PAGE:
The solution is to set an idle session period after which all logged in users will automatically be logged out of your ticketing website. You can protect your event ticketing website from session hijacking using the Inactive Logout plugin.

#6: Hide wp-config.php and .htaccess Files

Your event website’s wp-config.php file stores the login credentials to your web host  and your site’s database. And the .htaccess file holds information about your site structure that hackers could potentially use to break into your website.

For this reason, it’s a good idea to hide both the wp-config.php and .htaccess files. Open up the .htaccess file in a text editor of your choice and add the following lines of code to it:

For hiding your site’s .htaccess file:

<files .htaccess>

order allow,deny

deny from all

</files>

And for hiding your site’s wp-config.php file:

<files wp-config.php>

order allow,deny

deny from all

</files>

Pro tip: We recommend creating a backup of your .htaccess file before making any changes to it.

#7: Disable File Editing

While we are still tinkering with the default WordPress options, let’s get another security risk out of the way. By default, you have the ability to edit your theme and plugin files directly from your WordPress admin area. This direct access from within your WordPress dashboard makes your site vulnerable to hackers who can gain access and make changes to your site files.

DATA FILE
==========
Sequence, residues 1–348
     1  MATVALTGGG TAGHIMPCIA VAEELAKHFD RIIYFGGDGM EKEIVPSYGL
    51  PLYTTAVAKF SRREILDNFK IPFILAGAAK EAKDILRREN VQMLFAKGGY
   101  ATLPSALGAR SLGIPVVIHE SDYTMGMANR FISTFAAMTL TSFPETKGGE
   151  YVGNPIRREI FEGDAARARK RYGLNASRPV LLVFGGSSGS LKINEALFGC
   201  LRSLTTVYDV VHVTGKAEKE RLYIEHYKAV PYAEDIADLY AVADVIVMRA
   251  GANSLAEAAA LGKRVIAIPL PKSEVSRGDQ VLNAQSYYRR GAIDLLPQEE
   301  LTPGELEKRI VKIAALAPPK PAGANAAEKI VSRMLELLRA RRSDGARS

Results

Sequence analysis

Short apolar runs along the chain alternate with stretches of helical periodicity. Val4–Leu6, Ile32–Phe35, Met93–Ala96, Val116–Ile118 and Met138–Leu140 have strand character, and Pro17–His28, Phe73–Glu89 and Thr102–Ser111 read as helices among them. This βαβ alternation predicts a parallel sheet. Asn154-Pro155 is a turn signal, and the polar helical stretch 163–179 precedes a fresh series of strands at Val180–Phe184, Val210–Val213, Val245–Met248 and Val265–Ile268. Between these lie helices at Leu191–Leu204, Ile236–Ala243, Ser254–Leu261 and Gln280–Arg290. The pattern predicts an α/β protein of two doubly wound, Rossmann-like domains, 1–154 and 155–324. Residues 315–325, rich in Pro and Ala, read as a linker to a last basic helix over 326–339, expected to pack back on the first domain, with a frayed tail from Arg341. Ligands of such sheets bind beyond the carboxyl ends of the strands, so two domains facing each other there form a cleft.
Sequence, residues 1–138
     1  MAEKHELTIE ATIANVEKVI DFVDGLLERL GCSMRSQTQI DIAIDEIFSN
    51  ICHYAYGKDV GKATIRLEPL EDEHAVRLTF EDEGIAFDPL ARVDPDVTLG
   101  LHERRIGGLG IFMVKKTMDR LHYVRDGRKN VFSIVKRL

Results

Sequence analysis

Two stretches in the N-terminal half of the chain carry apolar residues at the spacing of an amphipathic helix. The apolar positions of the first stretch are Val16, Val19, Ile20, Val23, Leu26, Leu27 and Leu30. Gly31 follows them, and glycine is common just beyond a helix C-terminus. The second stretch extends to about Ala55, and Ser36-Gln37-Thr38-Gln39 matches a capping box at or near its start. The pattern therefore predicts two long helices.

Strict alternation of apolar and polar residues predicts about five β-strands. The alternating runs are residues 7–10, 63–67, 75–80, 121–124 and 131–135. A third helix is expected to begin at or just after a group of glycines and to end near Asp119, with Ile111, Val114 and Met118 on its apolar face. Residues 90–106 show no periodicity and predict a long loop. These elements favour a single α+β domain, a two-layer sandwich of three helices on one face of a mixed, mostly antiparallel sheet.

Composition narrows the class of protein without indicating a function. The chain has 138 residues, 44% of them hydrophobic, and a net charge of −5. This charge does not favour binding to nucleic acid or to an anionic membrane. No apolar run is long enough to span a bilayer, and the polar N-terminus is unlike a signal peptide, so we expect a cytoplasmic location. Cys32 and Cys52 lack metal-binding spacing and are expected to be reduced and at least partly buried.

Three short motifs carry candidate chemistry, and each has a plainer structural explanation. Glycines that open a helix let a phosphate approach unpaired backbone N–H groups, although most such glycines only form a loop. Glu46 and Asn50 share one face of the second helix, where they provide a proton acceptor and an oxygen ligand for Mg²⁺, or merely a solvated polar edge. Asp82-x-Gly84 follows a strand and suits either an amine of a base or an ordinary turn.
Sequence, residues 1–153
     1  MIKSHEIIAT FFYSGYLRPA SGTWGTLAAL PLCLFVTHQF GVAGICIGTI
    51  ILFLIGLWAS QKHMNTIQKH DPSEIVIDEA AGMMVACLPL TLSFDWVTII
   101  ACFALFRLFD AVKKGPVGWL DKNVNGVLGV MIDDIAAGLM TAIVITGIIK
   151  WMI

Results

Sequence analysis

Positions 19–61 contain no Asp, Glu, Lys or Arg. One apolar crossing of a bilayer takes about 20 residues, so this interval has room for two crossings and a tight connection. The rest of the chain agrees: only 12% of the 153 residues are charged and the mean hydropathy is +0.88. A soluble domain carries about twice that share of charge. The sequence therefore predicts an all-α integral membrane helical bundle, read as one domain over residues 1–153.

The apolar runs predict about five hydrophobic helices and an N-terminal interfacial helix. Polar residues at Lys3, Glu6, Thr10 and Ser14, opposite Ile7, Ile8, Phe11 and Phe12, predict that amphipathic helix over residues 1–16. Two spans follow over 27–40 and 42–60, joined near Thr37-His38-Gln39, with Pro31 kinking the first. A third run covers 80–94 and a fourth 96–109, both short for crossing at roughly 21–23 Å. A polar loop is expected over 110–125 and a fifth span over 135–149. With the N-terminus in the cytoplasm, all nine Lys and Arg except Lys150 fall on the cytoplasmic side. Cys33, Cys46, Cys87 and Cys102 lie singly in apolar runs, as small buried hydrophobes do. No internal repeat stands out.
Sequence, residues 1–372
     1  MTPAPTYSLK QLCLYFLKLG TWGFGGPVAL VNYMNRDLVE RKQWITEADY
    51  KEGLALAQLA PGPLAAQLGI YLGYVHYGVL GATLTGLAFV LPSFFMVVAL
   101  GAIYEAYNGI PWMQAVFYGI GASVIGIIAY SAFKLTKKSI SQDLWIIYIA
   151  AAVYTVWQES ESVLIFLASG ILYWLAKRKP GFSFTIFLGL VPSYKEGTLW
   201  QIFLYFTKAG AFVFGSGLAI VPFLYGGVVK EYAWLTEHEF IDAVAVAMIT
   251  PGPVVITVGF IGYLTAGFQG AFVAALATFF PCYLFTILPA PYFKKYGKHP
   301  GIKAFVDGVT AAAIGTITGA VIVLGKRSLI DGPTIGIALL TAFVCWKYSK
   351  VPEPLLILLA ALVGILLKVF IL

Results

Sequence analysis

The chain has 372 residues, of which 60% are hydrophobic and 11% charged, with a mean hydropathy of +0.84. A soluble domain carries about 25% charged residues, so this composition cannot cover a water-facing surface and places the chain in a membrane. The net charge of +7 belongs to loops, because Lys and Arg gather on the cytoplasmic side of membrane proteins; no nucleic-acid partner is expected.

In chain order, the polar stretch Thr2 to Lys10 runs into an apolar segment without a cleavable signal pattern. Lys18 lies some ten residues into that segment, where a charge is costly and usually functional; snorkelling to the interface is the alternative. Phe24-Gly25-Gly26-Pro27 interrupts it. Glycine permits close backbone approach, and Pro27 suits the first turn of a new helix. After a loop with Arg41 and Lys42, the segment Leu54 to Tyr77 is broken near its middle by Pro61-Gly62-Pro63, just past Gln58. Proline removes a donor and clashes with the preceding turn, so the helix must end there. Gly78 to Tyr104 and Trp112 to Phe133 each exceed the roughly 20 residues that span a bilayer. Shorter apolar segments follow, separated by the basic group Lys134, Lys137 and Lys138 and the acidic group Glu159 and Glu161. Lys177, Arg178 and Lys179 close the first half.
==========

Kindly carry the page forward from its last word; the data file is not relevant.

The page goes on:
To disable file editing, make a backup of your event ticketing site’s wp-config.php file and add the following line of code to it:

define(‘DISALLOW_FILE_EDIT’, true);

After adding this line of code to your wp-config.php file, you will have to edit your theme and plugin files using an FTP application like FileZilla.

Recommended WordPress Security Plugins and Tools

The WordPress core has security measures in place and rolls out new updates regularly. That said, there are a number of free and premium WordPress security plugins out there that can help you take your site’s security to the next level. These plugins offer features like security monitoring, malware scanning, firewalls, post-hack cleanups, and much more.